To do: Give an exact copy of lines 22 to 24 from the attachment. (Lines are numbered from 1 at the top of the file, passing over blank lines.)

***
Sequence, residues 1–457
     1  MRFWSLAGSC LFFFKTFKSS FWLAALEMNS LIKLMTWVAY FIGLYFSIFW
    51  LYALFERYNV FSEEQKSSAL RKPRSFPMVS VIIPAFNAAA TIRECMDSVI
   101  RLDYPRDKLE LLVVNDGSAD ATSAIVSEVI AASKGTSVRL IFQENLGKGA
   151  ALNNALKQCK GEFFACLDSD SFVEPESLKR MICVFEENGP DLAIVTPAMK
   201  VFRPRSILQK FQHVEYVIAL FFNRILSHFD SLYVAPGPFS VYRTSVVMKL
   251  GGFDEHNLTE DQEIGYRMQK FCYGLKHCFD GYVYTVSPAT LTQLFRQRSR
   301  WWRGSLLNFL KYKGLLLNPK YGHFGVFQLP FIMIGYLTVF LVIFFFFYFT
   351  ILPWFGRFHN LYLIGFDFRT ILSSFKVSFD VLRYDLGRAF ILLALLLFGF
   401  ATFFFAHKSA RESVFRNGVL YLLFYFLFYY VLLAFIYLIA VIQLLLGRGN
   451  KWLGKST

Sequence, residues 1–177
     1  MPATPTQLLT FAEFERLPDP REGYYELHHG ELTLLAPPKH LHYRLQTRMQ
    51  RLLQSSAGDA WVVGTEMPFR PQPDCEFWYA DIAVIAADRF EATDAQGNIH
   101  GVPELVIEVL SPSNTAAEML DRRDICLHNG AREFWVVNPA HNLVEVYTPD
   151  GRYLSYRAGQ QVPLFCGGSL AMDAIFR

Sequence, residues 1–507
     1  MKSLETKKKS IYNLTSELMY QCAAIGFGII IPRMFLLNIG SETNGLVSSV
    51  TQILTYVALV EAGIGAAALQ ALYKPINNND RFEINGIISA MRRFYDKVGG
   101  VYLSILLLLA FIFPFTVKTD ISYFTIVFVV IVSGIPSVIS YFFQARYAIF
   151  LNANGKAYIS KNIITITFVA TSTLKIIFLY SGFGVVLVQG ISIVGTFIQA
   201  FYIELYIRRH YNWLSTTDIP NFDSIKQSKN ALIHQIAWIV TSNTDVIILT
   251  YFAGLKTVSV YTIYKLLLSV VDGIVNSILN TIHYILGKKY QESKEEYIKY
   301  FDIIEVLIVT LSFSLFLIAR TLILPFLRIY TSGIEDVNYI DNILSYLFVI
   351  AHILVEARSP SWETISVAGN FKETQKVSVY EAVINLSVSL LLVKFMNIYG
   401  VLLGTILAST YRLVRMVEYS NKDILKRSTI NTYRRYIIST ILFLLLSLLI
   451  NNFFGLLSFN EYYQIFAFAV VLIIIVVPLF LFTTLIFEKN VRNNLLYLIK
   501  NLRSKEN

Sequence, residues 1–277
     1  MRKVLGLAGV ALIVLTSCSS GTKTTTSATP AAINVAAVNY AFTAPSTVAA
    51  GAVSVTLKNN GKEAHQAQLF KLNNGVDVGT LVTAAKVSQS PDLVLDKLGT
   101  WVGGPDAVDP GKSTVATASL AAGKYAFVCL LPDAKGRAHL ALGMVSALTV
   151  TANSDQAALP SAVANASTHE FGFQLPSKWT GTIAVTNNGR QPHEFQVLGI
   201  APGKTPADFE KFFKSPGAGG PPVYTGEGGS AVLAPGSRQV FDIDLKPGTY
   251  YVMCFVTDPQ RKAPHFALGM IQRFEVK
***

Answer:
   201  FYIELYIRRH YNWLSTTDIP NFDSIKQSKN ALIHQIAWIV TSNTDVIILT
   251  YFAGLKTVSV YTIYKLLLSV VDGIVNSILN TIHYILGKKY QESKEEYIKY
   301  FDIIEVLIVT LSFSLFLIAR TLILPFLRIY TSGIEDVNYI DNILSYLFVI